In addition, there was 08/07/08. Not red, but really nice juice.

Mark, From a newby - how does one link up to the winewoot event calendar on Google?
deuceman

[How good is this deal?](http://bit.ly/hPdApr" title="How good is this deal?)

The 2005 vintage is no longer available on the winery website, so I used the 2006 pricing on it. So this could be your last chance to get your hands on the 2005!

Click the link above for full discount details, links, etc.

Hmm, looks like it’s acting up again and not behaving as a public calendar. Heck, I’m an owner and it’s not recognizing me. I’ll poke around on it and see if I can kick it into submission.

Try this link instead

Thread Hijack

Hi All! Please pardon the interruption: We are having a tasting in the Buffalo, NY area this Sat. and Sun. Sat. will be a blending experiment (thanks to WD) and blind tasting of California red blends. Sun. we will be heading up to Niagara-on-the-Lake, Canada for the Icewine Festival. Click on the link above and come and join us! :slight_smile:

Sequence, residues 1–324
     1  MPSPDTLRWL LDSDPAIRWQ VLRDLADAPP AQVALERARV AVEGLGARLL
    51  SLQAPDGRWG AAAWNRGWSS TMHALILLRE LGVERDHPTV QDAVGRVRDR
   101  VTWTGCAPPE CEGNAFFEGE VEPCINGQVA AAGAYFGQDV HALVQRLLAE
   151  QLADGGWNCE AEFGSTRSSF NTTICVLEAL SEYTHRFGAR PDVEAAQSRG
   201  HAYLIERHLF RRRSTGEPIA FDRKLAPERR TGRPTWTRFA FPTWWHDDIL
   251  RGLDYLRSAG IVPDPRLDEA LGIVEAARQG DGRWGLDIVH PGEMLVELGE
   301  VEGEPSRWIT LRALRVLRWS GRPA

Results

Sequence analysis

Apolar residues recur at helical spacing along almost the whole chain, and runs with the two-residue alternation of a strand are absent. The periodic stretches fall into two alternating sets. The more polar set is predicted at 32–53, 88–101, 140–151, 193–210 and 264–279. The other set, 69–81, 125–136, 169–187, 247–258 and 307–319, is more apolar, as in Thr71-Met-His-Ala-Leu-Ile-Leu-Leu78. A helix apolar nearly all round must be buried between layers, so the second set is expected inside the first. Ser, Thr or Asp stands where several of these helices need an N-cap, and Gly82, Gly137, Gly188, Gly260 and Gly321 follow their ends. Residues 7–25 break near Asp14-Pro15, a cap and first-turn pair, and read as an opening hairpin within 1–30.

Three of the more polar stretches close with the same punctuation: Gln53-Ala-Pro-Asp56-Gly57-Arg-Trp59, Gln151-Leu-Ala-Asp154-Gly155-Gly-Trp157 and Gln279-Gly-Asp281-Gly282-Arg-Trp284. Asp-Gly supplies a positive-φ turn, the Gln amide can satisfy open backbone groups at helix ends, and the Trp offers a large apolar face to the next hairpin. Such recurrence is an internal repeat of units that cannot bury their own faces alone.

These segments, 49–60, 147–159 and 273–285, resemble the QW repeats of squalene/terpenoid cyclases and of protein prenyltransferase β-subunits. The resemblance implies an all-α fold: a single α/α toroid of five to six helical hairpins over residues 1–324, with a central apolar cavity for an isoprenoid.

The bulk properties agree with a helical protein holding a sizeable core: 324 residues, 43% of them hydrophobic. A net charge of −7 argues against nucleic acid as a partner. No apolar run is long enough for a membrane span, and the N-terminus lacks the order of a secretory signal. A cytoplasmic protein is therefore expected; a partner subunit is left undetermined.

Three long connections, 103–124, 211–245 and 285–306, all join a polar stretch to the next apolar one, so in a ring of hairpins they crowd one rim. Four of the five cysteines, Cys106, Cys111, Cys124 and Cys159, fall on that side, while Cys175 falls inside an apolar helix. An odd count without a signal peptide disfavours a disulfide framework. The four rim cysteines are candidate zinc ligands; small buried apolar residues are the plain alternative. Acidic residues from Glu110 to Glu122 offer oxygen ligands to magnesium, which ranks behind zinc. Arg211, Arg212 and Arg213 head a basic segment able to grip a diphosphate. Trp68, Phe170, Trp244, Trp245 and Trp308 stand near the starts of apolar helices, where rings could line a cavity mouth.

Back to your regularly scheduled programming.

End of Thread Hijack

All true, the 2005 is in very short supply, this Woot will basically finish it off! The 2006 vintage has been the current release at the winery for a year. I released the 2007 vintage to my wine club in October, and we’ve been slowly working it into the line up in the tasting room and it hasn’t been submitted for review as of yet. I’m not a huge fan of sending out my wine for review so that’s not too surprising in my world.

Hello,
Is there a reason that american oak was used instead of French? I have read that they do differ and bring out different qualities in the wine.